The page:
On Assignment: Thinking Outside the Box

Sometimes there seems to be no place to stick your light where it won't create more problems than it will solve.

A good example is this martial arts-themed exercise class at a senior center.

It was a typical dance rehearsal style room, with one of the long walls covered in mirrors. Sure, you can do cool things with the reflections, but you have to hide yourself while you do it. You can either work at an oblique angle to the mirror, or hide behind an object or person in the frame.

But including a light in the equation adds another variable/limitation/problem/opportunity, depending on how you look at it.

Now you need to find an angle where there is good composition, you are hidden, your light is hidden and the light is doing worthwhile things to your subject.

This is easier than it sounds. The solution is to light the scene from outside of the room.

In this room, assuming you are standing at center, the wall of mirrors is the long wall in front of you. At the upper right corner of the room there is a door. There are also a couple of windows along the wall to your right.

I stuck the flash about 8 feet outside of the door and aimed it back into the room to hit the instructor and spill over onto the front row of people. The open door and one window created two broad shafts of light.

The light is coming from slightly in front of the instructor and I am behind him. This is not a problem because I can shoot his reflection in the mirror. Problem solved.

The mirror also gives me access to the cool shadows being created along the back and left side walls of the classroom, too.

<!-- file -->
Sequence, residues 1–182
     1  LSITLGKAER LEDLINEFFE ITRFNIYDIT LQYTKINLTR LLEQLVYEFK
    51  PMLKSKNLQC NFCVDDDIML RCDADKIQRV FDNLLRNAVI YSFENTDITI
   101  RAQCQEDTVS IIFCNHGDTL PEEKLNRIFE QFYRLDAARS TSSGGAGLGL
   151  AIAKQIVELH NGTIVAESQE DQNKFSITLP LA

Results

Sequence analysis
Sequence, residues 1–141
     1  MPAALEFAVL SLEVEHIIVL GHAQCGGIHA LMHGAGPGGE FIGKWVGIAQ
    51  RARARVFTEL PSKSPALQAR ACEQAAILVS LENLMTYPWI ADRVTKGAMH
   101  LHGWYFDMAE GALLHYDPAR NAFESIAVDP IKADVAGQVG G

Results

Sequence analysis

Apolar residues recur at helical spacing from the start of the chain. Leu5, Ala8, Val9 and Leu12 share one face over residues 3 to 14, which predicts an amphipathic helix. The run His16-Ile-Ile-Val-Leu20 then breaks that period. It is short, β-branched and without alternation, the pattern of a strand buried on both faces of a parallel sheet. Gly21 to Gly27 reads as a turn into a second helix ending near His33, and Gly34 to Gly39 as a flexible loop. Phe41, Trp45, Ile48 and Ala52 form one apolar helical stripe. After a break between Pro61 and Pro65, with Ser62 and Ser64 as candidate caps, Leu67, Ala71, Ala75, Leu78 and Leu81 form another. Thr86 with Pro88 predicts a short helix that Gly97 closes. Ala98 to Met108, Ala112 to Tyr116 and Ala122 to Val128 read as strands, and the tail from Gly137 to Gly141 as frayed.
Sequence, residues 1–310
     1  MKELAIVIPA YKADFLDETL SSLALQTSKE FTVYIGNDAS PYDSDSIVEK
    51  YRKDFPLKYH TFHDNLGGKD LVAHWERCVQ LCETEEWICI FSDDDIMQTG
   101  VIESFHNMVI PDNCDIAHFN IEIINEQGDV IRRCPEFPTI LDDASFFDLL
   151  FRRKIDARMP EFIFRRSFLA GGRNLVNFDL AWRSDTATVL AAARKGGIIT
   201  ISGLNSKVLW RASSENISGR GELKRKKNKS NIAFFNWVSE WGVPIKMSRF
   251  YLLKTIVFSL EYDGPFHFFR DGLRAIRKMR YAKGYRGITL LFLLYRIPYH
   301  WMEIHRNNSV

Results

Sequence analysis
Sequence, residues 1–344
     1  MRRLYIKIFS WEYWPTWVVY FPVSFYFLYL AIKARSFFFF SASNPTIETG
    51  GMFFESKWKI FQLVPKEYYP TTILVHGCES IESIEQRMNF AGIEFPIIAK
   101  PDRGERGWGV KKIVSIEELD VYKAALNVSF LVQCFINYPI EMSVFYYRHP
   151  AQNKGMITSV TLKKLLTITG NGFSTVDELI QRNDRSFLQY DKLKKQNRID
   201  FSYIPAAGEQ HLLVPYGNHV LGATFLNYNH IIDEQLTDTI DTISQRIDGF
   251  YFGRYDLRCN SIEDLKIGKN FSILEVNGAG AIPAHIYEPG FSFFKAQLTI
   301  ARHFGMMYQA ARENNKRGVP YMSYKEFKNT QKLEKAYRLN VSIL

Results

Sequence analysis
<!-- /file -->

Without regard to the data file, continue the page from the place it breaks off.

My light will affect the whole room without popping up in a shot (either directly or as a reflection.)

The light was set to a 70mm zoom angle, and on 1/2 power. I wanted some depth of field and enough light to create some dark shadows by cranking up my shutter speed if I wanted.

When using hard, direct strobe in a room you will get shadows that you do not see unless you either chimp your TFT screen or carefully scan for them as you test pop your flash. I do one or the other regularly as I work.

These can work for you, as is the case in the close-up (above) of the lady working with the wooden sword. Keep an eye out for those opportunities.

Or they can work against you, as in this photo just below.

Can you see my problem yet? Look on the lower right. I may be hidden, but the tell-tale shadow of a camera with a Pocket Wizard attached to the hot shoe is clearly visible.

Just be aware of both possibilities.

Next: Designing a Backdrop


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Anonymous Brady said...

Thanks for another great tip, I love the idea of lighting the image from outside of the room.

April 18, 2006 9:36 PM  
Anonymous Ray said...

Nice post and interesting pictures. Thanks.

March 12, 2009 6:16 PM  
Blogger LucasP said...

I'm just reviewing your lighting techniques, David, as I'll be shooting some MMA/BJJ later today and wanted to gen-up on lighting in a gym.
I've found your L101 series to be fantastic - I keep going back to it every time I have something new to shoot to remind me of the things I need to be taking into account.
As the basketball court and Taiji shots were from quite a few years back, have you any updates on technique?
I'll be looking to key-light either through the window or door, with a fill light from within - possibly an on-camera ring-flash (on loan from a pro-tog friend).
Thanks again for sharing all of this info - invaluable!

September 07, 2014 3:21 AM  

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